Thursday, November 27, 2014

The Queen Saves the Day

Blogs are deceptive; actually, most reporting is.  Because there is always a lot that's missing from the picture presented. I know our life in Norway as portrayed here appears idyllic, and some days it truly is.  On the other hand, in the interest of at least partial full disclosure, let me tell you about a recent day that was a little less than idyllic. You'll notice that there aren't nearly as many photos this time, and not all were taken on the day I'm describing. I think you'll understand why.

First let me say that public transportation in Norway is excellent -- clean, reliable, punctual, accommodating of prams and bikes. We've chosen to be without a car this year and to use public transportation on a regular basis. Most bus stops have these signs telling you when the next bus will come. I find that amazing.

Several times I've seen day care center groups with strollers that seat 6 toddlers each taking a field trip via the bus. Buses and the subway are convenient and used by everyone.

Because of this reliability, one recent weekend, we decided to take the bus a couple of hours south of Oslo, to Sandefjord, for a two-day weekend. Sten had found a wonderful place to stay with meals and amenities in plenty as part of the package. In order to attend church there, we got up early to catch our bus downtown.  It was  just barely getting light when we left our apartment, towing our rolling carryon suitcase. The weather included pouring rain, and there was a fairly unpleasant wind blowing -- not the sort of day one would choose to wait outside for very long. 

Our first bus was on time, taking us to just in front of the city hall. 

From there, we walked 5-7 minutes to where we would wait for our bus to Sandefjord. Did I mention that since we planned to stay overnight, we were pulling a  rolling carry-on suitcase? And because it was raining, we each had an umbrella. At this particular bus stop, there was no shelter from the elements.   Lots of bus stops have them, but not this one, so we attempted to take shelter under the eaves of a nearby business. Also, for the kind of bus we were taking out of town, there was no electronic sign telling when the next bus would arrive (as in the first photo above). 

We noticed that there weren't many other buses coming by, and that there weren't many people waiting, which made us a little suspicious, but it was still pretty early. We had maybe 15 minutes to wait yet until our bus was to come. Meanwhile, we dodged the wind with our umbrellas and attempted to keep ourselves and our luggage dry. Did I mention that we were in our dress clothes as we planned to go directly to church when we arrived?

The time we expected our bus to arrive came and went. "Must be running late," we thought (which is highly unusual).  After waiting 20 minutes past the anticipated time of departure (in the cold, blowing rain), we realized we had made a mistake in looking at the online bus schedule. There are different schedules for Monday - Friday, for Saturday, and for Sunday. That fact had not been noticed, obviously. (For anyone interested, that last sentence is in the truncated passive -- often used when one wishes not to lay blame.)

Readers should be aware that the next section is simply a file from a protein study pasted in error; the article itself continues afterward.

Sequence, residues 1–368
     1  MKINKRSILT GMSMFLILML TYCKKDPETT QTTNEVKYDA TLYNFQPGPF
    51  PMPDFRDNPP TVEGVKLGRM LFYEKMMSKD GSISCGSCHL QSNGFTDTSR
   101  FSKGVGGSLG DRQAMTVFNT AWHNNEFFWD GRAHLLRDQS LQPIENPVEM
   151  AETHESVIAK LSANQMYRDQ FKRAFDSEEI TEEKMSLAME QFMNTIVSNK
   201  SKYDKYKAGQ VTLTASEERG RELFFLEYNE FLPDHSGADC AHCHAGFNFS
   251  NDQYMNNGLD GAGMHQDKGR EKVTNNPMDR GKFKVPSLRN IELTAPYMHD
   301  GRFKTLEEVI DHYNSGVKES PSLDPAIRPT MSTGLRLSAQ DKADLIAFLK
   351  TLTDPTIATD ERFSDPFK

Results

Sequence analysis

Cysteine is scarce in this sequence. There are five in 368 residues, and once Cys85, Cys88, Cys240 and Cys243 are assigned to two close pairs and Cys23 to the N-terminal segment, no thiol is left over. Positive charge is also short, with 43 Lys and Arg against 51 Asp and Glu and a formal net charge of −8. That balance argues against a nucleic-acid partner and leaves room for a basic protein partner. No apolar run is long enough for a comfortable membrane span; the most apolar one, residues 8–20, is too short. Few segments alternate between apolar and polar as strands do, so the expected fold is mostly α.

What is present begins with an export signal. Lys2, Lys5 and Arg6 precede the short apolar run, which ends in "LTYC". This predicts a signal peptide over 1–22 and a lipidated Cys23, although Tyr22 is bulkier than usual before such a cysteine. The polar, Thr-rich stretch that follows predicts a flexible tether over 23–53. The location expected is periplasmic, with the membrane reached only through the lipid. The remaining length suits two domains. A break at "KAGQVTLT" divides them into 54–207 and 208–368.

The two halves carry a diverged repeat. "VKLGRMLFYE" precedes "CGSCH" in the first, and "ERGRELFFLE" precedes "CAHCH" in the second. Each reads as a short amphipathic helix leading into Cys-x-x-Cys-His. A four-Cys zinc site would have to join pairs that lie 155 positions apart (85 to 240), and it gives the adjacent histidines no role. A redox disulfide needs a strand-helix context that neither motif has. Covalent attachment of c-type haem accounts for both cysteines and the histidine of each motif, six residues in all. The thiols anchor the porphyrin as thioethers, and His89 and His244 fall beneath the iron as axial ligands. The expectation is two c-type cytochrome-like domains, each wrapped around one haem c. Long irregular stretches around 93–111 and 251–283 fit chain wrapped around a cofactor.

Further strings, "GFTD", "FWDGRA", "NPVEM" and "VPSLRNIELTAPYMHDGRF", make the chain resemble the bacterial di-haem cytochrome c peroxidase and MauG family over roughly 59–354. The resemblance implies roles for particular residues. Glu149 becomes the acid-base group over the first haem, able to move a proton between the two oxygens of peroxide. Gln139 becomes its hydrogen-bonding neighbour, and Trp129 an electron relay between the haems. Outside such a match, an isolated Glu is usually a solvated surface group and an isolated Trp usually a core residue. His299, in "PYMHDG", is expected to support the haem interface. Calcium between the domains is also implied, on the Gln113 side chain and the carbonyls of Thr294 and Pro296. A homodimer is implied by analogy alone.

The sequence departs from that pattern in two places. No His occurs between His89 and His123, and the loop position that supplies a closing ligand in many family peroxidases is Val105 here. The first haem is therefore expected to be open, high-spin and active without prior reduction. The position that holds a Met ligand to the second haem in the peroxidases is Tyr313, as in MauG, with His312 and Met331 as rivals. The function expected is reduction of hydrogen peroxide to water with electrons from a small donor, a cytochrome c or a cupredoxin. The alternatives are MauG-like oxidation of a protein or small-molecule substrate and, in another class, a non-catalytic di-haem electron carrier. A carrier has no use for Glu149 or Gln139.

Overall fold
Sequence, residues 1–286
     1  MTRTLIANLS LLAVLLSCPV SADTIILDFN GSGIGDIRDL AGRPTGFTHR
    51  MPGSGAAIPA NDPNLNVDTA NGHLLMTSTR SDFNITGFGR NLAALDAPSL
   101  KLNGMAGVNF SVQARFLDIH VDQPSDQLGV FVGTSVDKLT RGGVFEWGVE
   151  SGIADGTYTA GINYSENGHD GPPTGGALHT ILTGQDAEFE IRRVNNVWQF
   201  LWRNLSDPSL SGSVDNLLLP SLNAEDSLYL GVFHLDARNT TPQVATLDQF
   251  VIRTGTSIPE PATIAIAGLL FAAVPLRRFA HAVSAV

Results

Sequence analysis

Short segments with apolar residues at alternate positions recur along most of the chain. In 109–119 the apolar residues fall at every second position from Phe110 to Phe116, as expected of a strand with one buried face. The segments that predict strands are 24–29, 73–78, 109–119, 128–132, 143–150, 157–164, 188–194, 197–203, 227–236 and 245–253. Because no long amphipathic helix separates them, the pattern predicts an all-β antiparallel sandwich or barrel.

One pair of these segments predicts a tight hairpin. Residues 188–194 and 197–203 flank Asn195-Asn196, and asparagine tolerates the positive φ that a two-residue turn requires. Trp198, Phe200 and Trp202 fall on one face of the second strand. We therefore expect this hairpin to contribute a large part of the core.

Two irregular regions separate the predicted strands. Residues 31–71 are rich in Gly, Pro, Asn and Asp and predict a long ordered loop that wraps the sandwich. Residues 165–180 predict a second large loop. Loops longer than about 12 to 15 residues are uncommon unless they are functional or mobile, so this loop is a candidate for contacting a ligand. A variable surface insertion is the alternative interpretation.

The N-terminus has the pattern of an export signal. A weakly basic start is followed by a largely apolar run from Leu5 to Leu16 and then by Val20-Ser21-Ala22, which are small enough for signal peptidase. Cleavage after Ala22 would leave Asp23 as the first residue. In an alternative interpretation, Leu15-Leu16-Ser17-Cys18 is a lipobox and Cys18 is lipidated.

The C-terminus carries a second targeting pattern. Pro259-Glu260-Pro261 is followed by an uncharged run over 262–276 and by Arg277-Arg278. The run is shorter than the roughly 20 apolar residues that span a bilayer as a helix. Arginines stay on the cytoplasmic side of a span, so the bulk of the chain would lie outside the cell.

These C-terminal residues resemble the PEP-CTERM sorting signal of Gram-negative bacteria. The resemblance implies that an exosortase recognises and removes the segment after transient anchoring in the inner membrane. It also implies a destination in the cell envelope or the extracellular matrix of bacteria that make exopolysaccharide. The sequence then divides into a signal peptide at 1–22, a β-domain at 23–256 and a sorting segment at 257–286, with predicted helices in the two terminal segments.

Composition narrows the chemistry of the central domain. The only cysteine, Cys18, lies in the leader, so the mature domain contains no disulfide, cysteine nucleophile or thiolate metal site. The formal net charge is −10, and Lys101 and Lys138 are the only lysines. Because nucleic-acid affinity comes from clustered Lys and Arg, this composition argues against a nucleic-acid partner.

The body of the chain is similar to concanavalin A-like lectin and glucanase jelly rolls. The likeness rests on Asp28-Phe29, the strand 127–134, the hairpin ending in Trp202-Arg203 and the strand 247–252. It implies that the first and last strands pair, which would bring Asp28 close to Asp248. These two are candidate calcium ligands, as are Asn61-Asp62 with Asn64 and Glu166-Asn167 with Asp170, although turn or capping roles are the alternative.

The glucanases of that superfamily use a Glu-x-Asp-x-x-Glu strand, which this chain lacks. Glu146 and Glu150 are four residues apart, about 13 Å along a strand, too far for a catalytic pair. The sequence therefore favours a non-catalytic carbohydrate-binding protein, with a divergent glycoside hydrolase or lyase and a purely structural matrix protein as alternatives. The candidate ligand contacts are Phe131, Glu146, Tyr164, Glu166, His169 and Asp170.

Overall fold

"Oh well," we decided, "we'll take the train.  It's more expensive, but we'll still get there."  Getting to the train station entailed walking 5-7 minutes to the subway station (It was still raining and blowing, and we still had our luggage to haul.), waiting for the next train, and then riding a few more stops. Once in the central train station, we maneuvered our way through the crowds to the ticket machines to buy our tickets for the next train that was to leave in just a few minutes. The cost was more than twice the price of the bus ticket (Yikes!). We noticed that, though we had tickets in hand, the number of the platform wasn't written on the ticket. Since our train goes farther than Sandefjord, it's not necessarily going to be on the arrivals/departures board. We caught sight of a woman in uniform giving assistance to passengers. We waited our turn, asked our question, and were directed  to the right place. Running as fast as we can through the station and down a ramp to the outdoor platform,  we arrived just in time to see our train pulling away from the station. Ouch! "Can we get a refund on these tickets? I sure hope so." Not quite as quickly as when we came down to the platform, we headed back upstairs to where we bought our tickets. Fortunately, the person who helped us find the right platform was still there and able to use her keys to get into a locked office to refund us our tickets.  We're thankful. What now?